Mandating electronic ballistic registration of firearms

A new national model may come from Denver, which created a Crime Gun Intelligence Center (CGIC) in 2013 in order to coordinate a multi-agency approach to processing NIBIN information and investigating gun crimes more effectively.According to Greg La Berge, the director of the Denver Police Department’s Forensics and Evidence Division, in less than two years, CGIC was credited for assisting with the arrest of 25 repeat shooters connected to 40 different incidents.

When a “match” (or “hit”) is found, firearms examiners are able to conclude that the same gun was used in both crimes.Recovered crime guns are also test-fired and their ballistic images entered into the system, allowing law enforcement to determine whether those guns were used in other crimes.Without the assistance of ballistic identification, this crime would have been much more difficult — if not impossible — to solve.Ballistic identification is based on the fact that all firearms leave unique markings on the cartridge cases they expel when fired, leaving behind a sort of fingerprint that allows law enforcement experts to link cartridge cases to the specific gun that fired them.In the early days of ballistic identification, this process was conducted by individual technicians and was extremely time-consuming because of the sheer volume of images that needed to be manually reviewed.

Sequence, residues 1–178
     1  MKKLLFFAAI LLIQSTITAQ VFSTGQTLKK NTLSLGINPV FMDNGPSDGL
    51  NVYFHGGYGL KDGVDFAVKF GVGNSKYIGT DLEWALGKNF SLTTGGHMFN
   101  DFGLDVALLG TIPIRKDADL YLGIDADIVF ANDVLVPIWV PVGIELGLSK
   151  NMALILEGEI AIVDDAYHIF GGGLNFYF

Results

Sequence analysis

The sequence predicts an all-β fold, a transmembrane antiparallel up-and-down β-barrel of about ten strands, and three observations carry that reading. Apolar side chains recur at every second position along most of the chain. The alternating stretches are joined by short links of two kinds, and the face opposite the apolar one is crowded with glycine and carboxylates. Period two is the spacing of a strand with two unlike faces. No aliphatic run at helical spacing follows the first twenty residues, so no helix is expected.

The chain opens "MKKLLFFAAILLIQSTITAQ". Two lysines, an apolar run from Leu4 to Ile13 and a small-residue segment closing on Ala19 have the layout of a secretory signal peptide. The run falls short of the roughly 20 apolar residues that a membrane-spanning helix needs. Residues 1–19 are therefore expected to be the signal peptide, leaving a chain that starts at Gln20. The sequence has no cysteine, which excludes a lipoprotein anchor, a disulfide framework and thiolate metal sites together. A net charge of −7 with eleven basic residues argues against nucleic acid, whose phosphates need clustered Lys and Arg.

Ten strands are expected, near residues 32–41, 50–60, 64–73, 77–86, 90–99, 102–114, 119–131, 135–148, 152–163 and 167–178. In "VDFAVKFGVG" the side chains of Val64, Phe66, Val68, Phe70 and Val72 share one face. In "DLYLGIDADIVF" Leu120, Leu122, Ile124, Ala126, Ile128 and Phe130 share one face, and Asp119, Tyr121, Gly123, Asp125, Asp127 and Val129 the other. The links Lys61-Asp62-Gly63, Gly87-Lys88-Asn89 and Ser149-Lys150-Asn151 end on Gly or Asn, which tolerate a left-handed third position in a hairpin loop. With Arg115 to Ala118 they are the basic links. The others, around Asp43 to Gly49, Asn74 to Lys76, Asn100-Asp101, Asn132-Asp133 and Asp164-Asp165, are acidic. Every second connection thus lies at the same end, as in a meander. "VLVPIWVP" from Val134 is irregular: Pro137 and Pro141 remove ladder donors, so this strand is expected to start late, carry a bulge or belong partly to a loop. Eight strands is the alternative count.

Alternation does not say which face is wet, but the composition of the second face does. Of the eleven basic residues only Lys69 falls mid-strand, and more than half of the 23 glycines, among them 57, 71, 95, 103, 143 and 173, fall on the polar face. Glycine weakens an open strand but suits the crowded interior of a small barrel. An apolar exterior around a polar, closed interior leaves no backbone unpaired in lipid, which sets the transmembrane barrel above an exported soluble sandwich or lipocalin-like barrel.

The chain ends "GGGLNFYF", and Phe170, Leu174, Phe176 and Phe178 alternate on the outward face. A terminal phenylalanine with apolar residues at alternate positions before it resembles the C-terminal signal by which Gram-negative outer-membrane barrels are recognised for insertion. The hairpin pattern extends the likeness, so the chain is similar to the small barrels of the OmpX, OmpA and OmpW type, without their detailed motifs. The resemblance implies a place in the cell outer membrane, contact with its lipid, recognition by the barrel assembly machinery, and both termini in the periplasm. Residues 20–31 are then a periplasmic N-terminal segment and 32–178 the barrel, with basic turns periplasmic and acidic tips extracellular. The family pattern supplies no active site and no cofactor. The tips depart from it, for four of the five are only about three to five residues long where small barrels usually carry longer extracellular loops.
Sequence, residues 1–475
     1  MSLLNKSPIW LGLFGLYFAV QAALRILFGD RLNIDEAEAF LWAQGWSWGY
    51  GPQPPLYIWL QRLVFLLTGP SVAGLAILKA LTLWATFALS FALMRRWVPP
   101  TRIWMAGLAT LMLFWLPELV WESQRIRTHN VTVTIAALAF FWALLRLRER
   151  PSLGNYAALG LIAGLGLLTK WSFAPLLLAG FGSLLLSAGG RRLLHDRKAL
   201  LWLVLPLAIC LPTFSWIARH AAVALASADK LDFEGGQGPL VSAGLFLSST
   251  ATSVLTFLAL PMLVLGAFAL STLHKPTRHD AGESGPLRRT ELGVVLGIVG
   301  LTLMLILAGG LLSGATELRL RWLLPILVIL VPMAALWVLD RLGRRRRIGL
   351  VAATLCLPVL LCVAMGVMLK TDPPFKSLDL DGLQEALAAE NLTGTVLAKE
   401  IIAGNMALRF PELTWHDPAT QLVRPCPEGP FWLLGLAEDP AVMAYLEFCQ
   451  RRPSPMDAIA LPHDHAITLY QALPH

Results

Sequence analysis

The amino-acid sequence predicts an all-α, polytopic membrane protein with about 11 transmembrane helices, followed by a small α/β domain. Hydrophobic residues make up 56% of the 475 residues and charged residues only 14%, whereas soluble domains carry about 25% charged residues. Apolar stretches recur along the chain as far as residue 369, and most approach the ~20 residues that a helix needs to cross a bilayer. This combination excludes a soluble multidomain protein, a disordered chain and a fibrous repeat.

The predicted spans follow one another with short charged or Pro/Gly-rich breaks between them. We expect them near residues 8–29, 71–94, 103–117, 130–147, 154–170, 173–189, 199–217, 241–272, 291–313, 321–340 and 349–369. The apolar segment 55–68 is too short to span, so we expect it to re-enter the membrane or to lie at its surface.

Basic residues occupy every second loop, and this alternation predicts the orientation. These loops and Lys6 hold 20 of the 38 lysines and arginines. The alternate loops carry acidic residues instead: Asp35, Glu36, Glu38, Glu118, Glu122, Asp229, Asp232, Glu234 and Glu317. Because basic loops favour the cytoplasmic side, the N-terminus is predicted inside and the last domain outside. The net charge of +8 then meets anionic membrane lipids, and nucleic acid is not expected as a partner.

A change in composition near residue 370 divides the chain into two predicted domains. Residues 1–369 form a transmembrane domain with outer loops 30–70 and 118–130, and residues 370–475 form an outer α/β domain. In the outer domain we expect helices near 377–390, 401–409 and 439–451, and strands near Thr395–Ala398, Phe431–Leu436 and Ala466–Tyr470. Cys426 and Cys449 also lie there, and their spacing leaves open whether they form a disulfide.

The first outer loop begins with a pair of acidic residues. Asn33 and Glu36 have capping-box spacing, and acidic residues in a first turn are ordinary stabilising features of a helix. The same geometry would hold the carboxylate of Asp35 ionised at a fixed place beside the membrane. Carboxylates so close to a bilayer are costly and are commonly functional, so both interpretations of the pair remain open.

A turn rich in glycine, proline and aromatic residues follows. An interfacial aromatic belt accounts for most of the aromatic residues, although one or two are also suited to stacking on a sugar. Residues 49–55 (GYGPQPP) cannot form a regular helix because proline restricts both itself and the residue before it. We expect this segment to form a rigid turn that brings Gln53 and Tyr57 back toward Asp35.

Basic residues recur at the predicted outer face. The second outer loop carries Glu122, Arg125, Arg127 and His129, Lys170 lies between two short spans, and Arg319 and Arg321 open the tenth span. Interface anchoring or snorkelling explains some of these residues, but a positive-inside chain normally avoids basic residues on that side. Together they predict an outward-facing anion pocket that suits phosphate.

However, in the mid-1990s, the Bureau of Alcohol, Tobacco, Firearms and Explosives (ATF) pioneered the concept of using automated ballistic imaging and computer comparison equipment to analyze crime gun evidence, making the identification process much faster and more efficient.

One reason gun crimes are so difficult to solve is that very little evidence is usually left behind at the scene, with the exception of spent cartridge cases that are expelled when a gun is fired.

Not surprisingly, cartridge cases are much more likely to be recovered at the scene of a shooting than the gun itself.

A number of evaluations of NIBIN and the CGIC strategy are expected soon.

It’s important that researchers continue to evaluate the effectiveness of these strategies, especially given that NIBIN is not necessarily cheap.

For example, on July 10, 2007, a gunman shot and killed three people in their apartment in North Charleston, South Carolina.